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Thursday, 8 August, 2002, 17:56 GMT 18:56 UK
Saddam warns against Iraq attack
Saddam Hussein
Saddam said Iraq was prepared to defend itself
Iraqi President Saddam Hussein has warned that any attack on Iraq will be doomed to failure, and stressed that peaceful dialogue was the way forward.

In his first public remarks since US President George W Bush vowed last month to see the Iraqi leader replaced, Saddam Hussein said that "evil people" who threaten Arab and Muslim countries would be left "in the dustbin of history".

The forces of evil will carry their coffins on their back to die in a disgraceful failure

The televised address came amid growing speculation that the United States is planning to attack Iraq over its failure to readmit United Nations weapons monitors, who have been barred from the country since 1998.

Saddam Hussein did not specifically refer to the issue of weapons inspections, but said the UN Security Council should reply to questions raised by Iraq and honour its obligations.

The Iraqi leader was apparently referring to 19 questions regarding arms inspections and economic sanctions submitted by Iraq to UN Secretary General Kofi Annan in March, which the Security Council has not yet responded to.

Pro-Saddam rally in Baghdad
Saddam urged Iraqis to be prepared
The BBC's Rageh Omaar, in Baghdad, says the speech was an unequivocal re-statement of Iraq's position - UN weapons inspections can only resume if Iraq has guarantees about its security and sovereignty, and sanctions are lifted.

Iraq has recently invited UN arms teams to visit the country for talks on resuming inspections, but the US has dismissed the move as a ploy.

Mr Annan said he saw no sign in the Iraqi president's speech of a shift in the country's refusal to readmit UN arms inspectors.

Mr Annan said he had not received a response from the Iraqis to a letter he wrote them two days ago in which he said Baghdad would have to send a "formal invitation" for UN inspectors to return to Baghdad before further substantive talks could be held on weapons issues.

"I think the president's statement, insisting on answers to the 19 questions, doesn't show any flexibility from their previous position," he said.

Appeal for peace

In his address, marking the end of the Iran-Iraq war in 1988, Saddam Hussein said the way to achieve "peace and security" was through "equitable dialogue and on the basis of international law and international covenants".

But, he said, "the enemy" refused to listen to appeals from Arab and Muslim countries and had "rejected all the initiatives and calls for peace, which we had proposed more than once".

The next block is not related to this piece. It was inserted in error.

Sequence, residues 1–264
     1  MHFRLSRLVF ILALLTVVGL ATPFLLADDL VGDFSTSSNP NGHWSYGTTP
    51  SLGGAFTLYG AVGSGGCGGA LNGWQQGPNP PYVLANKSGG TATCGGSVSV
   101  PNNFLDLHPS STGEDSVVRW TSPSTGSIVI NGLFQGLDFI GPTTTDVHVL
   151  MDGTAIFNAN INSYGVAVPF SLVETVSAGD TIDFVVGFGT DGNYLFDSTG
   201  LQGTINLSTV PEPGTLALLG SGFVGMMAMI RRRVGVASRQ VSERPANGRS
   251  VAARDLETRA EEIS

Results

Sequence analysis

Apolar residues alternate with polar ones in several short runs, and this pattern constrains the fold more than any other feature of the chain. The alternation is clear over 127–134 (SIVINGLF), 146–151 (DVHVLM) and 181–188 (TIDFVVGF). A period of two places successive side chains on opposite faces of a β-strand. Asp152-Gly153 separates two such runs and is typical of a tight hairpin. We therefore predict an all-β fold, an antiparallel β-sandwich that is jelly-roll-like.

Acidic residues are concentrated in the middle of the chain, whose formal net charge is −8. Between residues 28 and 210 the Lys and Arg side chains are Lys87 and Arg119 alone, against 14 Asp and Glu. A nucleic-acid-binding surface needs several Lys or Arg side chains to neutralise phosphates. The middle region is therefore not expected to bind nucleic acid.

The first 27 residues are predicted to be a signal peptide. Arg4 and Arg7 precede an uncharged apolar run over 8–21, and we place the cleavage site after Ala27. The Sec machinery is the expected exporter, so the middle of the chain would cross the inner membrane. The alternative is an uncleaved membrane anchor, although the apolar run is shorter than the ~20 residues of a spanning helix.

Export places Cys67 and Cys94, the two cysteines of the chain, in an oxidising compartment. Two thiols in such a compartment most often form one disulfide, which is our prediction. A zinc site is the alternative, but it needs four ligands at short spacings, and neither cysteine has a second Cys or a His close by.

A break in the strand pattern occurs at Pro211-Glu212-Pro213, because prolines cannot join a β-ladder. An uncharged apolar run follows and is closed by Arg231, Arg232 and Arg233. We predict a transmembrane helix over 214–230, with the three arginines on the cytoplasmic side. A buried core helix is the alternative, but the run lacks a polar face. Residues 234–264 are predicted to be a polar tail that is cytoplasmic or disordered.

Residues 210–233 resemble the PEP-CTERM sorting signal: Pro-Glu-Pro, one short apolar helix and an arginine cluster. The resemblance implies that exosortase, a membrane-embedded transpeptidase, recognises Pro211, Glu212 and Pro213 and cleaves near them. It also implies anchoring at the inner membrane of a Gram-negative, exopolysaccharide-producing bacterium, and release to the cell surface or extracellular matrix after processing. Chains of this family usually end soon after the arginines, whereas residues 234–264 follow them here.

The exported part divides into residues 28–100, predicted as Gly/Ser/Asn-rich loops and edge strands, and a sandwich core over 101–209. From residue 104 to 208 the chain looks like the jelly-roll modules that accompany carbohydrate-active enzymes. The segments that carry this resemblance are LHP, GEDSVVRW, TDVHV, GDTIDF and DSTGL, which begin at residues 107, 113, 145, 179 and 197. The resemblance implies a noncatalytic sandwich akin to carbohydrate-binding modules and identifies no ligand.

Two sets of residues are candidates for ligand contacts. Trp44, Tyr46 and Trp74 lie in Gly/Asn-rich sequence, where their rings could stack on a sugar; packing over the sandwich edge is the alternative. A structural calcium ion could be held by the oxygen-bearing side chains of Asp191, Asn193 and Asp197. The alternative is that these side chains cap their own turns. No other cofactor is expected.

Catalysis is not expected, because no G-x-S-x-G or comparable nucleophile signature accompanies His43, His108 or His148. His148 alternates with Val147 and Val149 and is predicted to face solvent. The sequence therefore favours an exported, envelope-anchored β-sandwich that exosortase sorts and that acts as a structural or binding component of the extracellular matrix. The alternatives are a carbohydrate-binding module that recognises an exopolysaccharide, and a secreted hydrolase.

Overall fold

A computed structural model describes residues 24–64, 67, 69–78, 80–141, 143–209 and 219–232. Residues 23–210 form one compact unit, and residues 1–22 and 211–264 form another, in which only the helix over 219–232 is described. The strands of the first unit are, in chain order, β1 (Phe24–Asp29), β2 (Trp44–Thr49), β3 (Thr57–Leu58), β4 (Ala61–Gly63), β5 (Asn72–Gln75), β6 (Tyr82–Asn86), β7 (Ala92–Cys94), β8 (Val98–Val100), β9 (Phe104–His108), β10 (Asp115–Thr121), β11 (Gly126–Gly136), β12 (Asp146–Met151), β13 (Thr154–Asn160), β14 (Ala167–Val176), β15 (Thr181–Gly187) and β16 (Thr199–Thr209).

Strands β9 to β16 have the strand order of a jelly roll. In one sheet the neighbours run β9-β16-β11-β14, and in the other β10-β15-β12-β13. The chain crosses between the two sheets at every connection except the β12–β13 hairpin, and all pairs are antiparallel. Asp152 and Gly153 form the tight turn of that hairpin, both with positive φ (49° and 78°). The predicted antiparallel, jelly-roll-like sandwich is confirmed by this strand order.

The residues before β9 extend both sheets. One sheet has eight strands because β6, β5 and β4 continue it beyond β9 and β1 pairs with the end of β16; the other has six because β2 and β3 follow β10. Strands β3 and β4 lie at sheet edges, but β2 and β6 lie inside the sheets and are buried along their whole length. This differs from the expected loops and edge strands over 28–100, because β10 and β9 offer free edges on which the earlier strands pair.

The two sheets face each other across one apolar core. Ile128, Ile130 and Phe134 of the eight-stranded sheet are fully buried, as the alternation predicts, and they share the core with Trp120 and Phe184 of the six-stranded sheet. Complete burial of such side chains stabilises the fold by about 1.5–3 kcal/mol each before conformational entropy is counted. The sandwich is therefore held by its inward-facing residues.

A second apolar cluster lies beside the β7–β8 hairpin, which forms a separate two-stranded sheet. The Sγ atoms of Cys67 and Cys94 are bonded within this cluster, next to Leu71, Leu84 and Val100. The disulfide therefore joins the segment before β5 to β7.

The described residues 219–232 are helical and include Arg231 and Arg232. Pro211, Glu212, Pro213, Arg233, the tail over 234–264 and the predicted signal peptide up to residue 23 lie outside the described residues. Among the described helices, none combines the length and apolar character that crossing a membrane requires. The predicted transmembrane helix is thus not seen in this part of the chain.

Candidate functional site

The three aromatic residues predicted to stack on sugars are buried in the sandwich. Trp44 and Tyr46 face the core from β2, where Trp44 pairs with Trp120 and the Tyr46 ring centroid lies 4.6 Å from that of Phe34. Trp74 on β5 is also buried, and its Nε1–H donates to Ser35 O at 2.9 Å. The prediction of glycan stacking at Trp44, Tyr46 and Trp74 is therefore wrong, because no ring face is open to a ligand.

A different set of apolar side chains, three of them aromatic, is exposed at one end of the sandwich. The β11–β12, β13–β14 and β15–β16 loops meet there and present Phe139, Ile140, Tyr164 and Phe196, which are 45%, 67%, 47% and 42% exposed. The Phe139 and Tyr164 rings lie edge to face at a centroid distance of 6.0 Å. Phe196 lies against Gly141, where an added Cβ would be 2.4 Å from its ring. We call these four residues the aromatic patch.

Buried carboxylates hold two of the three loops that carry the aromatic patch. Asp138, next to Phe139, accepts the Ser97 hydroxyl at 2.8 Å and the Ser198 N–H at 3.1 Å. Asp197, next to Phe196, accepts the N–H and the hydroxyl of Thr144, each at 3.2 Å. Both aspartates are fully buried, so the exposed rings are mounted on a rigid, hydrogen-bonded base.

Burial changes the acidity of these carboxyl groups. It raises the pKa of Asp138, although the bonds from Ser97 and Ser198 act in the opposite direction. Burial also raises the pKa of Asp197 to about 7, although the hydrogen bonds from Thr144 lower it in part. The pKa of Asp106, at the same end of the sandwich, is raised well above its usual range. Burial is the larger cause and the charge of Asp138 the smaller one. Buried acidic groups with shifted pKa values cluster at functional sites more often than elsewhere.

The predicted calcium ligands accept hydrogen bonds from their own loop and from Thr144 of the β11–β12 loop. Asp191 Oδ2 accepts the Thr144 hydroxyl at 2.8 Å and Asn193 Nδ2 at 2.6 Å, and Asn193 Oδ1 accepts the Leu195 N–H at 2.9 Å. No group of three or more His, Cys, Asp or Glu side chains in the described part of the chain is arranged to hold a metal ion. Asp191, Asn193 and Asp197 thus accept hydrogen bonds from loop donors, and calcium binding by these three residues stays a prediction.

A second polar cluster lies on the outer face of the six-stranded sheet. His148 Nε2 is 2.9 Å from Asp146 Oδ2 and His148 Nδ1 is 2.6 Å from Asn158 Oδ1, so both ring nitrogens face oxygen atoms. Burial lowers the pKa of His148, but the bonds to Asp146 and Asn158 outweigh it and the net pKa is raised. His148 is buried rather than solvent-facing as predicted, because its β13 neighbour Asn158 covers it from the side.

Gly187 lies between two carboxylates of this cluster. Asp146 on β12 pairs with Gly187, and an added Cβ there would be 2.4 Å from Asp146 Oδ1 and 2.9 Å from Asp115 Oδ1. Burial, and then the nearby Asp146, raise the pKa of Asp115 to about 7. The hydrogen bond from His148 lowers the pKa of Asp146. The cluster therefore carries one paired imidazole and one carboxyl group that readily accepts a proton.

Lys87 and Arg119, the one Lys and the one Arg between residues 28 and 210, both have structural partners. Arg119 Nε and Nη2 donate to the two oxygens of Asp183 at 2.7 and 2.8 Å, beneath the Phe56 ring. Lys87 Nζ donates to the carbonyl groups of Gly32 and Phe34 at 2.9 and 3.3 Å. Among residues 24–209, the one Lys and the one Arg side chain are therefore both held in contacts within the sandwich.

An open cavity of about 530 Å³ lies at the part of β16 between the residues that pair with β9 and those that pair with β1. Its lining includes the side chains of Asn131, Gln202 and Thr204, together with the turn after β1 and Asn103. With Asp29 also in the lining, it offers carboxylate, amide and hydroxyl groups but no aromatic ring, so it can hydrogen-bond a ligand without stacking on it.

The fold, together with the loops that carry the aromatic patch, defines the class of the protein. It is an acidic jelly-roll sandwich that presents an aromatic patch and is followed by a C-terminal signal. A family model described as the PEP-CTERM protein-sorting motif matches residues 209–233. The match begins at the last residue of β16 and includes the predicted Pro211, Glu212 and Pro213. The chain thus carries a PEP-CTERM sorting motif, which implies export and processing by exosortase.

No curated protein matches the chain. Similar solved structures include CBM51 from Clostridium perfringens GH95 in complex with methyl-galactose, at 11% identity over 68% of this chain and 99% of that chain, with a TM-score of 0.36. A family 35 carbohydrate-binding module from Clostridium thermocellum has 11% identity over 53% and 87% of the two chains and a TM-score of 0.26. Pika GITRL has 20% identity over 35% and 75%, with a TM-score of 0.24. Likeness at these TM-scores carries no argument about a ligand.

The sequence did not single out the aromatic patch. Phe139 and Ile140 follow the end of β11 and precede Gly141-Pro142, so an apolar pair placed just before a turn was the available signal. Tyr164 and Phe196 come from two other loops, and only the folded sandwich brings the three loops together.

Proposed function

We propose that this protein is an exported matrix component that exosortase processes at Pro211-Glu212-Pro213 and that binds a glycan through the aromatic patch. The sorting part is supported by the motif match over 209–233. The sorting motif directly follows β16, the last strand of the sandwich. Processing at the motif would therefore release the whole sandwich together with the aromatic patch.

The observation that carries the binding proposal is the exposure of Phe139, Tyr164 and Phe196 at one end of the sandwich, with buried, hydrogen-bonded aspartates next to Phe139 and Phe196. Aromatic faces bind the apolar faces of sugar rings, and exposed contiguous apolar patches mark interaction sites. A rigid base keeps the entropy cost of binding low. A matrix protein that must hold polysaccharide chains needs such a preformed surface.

President Bush
Bush says Iraq poses "real threats"
He said that history had shown that attacks on Arabs and Muslims had always been defeated and would continue to be repelled.

To coincide with the speech, about 15,000 members of the president's "Jerusalem Army" - set up two years ago with he express aim of driving the Israelis out of Jerusalem - marched through Baghdad in a 90-minute display of support.

The marchers carried photographs of Saddam Hussein and placards bearing slogans such as "Long live Saddam" and "Down with USA".

And an Iraqi man on the streets of the capital, Hadi Abbass, told Reuters news agency: "We are not afraid of America, (President) Bush or others.

"We are ready to sacrifice our blood, soul and children for the president."

International concern

There has been growing concern among allies of the US about possible American plans for military action against Iraq.

The UK Minister for Middle East Affairs, Mike O'Brien, said war could be avoided if Iraq readmitted weapons inspectors, while German Chancellor Gerhard Schroeder warned that an attack on Iraq would be a mistake.

Saudi Foreign Minister Prince Saud al-Faisal has also ruled out allowing the US to attack Iraq from Saudi territory.

The BBC's Rageh Omaar reports from Baghdad
"The Iraqi leader has now laid out his conditions"
Saddam Hussein
"The forces of evil will carry their coffins on their back to die in a disgraceful failure"
Former UK ambassador to Iraq, Sir Terence Clark
"The speech is filled with typical rhetoric, bombast and bluster"

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See also:

08 Aug 02 | Media reports
08 Aug 02 | Middle East
07 Aug 02 | Middle East
07 Aug 02 | Middle East
08 Aug 02 | UK Politics
07 Aug 02 | Middle East
07 Aug 02 | UK Politics
02 Aug 02 | Middle East
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